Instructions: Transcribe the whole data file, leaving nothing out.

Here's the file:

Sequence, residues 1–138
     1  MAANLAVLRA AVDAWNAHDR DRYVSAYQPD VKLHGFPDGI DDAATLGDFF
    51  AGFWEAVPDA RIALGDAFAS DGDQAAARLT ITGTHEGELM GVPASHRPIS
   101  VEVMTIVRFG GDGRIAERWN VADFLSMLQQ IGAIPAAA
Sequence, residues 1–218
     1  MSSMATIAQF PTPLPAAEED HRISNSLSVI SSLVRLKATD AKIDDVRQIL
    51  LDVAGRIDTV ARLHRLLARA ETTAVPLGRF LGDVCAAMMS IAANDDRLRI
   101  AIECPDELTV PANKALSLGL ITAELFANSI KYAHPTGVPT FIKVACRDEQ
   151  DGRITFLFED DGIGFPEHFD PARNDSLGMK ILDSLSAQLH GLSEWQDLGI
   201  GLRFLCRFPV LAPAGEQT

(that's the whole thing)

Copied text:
Sequence, residues 1–138
     1  MAANLAVLRA AVDAWNAHDR DRYVSAYQPD VKLHGFPDGI DDAATLGDFF
    51  AGFWEAVPDA RIALGDAFAS DGDQAAARLT ITGTHEGELM GVPASHRPIS
   101  VEVMTIVRFG GDGRIAERWN VADFLSMLQQ IGAIPAAA
Sequence, residues 1–218
     1  MSSMATIAQF PTPLPAAEED HRISNSLSVI SSLVRLKATD AKIDDVRQIL
    51  LDVAGRIDTV ARLHRLLARA ETTAVPLGRF LGDVCAAMMS IAANDDRLRI
   101  AIECPDELTV PANKALSLGL ITAELFANSI KYAHPTGVPT FIKVACRDEQ
   151  DGRITFLFED DGIGFPEHFD PARNDSLGMK ILDSLSAQLH GLSEWQDLGI
   201  GLRFLCRFPV LAPAGEQT